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Schizophrenic Film

Sony Pictures Classics
 95 Minutes
Rated: R
Directed by: Woody Allen 
Starring: Joaquin Phoenix, Emma Stone, Parker Posey 
Irrational Man

There are only two things movie viewers can count on in the summer months, big special effects laden blockbusters and their nearly polar opposite, a Woody Allen movie. Although Allen shows no signs of slowing down, his output is increasingly hit and miss. After helping Cate Blanchett nab an Oscar two years ago for Blue Jasmine, one of his best efforts, Allen followed that with the hit-and-miss Magic in the Moonlight, which, despite the presence of Colin Firth and Emma Stone heading the cast, was not magical. Now, Stone, who’s apparently Allen’s newest protégé, returns in An Irrational Man, another hit-and-miss effort.


Actually, it’s more accurate to describe Irrational Man as a miss-then-hit effort, as Allen flails around for most of the first half of the movie, trying to get a handle on his main character. Abe Lucas (Joaquin Phoenix) is a philosophy professor who takes up residence at a prestigious eastern university. Abe has been through the wringer in war zones and is now completely burned out, going through the motions as he sips from his hip flask to get through the day. He’s also got a pot belly and a generally antisocial attitude, which doesn’t stop women from fawning over him, especially Prof. Rita Richards (Parker Posey), who winds up bedding Abe, only to discover he’s also impotent.


Abe has another admirer, one of his students, Jill Pollard (Emma Stone). Despite having a boyfriend, she regales the boyfriend, family, and friends with endless tales about Abe, making him sound like the most interesting man in the world from the Dos Equis commercials. Abe does start spending time with her, and one of their breakfast get-togethers ironically sets the actual plot of the movie in action, about halfway through. Not surprisingly, that marks the time when Irrational Man starts getting interesting.


Abe and Jill overhear a woman at the next table talking about how she might lose custody of her children thanks to a mean-spirited judge in her divorce case, and Abe impulsively decides that the world would be better off without the judge and that he is the man to do it. This realization completely energizes Abe, as he begins researching how to commit the crime and avoid detection. It also energizes Abe in bed as both Rita and Jill discover to their delight.


It’s not too much of a spoiler to reveal that Abe is able to pull off the murder without a hitch, and equally non-spoilerish to reveal that things don’t go quite as planned afterwards. Allen has dipped his toes into noirish waters in Crimes and Misdemeanors and Match Point, so Abe’s path to the dark side is fairly familiar territory. And, while the religious aspects that were present in Crimes is absent here, the ethical points that Abe raises with his class in the early parts of the movie come home to roost with a flourish here.


From the moment that Abe hatches his murder scheme on, Irrational Man represents some of Allen’s better work. Phoenix is quite good here, even though he’s an actor I’ve always had a hard time warming up to. Although he feels confident that he’s come up with the perfect plan, it’s entertaining to see him react as things begin to go wrong. Stone also plays well off him, as she turns into a slightly older Nancy Drew, gradually figuring out his involvement, based on the scattered conversations they had. As a detective story, the second half of Irrational Man is quite good, evoking comparisons to Match Point, and having a darkly comic ending that’s equally as satisfying.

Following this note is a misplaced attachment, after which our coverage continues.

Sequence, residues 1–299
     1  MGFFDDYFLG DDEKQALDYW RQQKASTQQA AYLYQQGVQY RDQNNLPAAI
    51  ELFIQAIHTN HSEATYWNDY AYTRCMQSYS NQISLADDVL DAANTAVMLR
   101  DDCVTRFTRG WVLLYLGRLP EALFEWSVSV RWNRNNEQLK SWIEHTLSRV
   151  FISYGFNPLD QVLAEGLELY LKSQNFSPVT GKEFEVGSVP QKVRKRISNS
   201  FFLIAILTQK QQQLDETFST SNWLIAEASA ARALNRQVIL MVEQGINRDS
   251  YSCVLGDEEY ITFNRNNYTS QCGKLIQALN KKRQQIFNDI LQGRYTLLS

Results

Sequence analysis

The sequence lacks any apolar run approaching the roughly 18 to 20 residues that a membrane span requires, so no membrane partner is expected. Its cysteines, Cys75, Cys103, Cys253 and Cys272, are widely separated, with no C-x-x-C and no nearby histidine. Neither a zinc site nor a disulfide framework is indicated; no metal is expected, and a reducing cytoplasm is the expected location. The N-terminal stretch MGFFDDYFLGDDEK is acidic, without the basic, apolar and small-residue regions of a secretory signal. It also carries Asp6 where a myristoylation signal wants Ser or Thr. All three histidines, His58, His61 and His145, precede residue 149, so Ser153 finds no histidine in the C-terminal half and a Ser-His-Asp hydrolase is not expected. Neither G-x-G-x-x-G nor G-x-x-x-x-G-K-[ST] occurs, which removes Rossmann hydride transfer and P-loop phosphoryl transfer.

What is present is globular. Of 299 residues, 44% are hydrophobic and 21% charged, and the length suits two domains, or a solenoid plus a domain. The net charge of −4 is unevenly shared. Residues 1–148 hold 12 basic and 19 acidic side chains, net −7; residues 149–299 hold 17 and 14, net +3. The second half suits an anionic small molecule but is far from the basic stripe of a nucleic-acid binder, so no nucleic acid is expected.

It’s the first half of the movie that’s a complete slog. Part of that has to do with the nature of Abe’s character and the completely burned out condition in which he mopes through this part of the movie. The low point is undoubtedly a game of Russian roulette that Abe decides to play in front of a stunned group of students. A larger part of the problem is that it’s virtually impossible to picture two attractive women throwing themselves at him because he’s an interesting character when he displays nothing other than a prodigious gut and a perpetually depressed attitude.


However, the biggest problem about the first half of Irrational Man is that’s almost a complete waste of time. Nothing happens, with the exception of a couple of ethical plot hooks regarding Abe’s lessons. Certainly the lessons themselves aren’t interesting or provocative, nor is the increasingly strained relationship between Jill and her increasingly frustrated boyfriend (Jaime Blackley), who sees the handwriting on the wall about Jill and Abe long before she does. And, while I have a sneaking suspicion that Allen intended this material to be funny, I can’t really see any humor.


All in all, Irrational Man may well be Allen’s most frustrating film. While he’s certainly made worse movies, his inconsistent films generally have good bits and pieces scattered around. Here, he shows a clever touch in making a half movie that would stand up quite well on its own as a segment in an anthology, and then stuck on some of his most boring and pointless material ever. The only way to look at it is that Allen’s screenplay for this movie is, well, totally irrational.

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Irrational Man (2015) on IMDb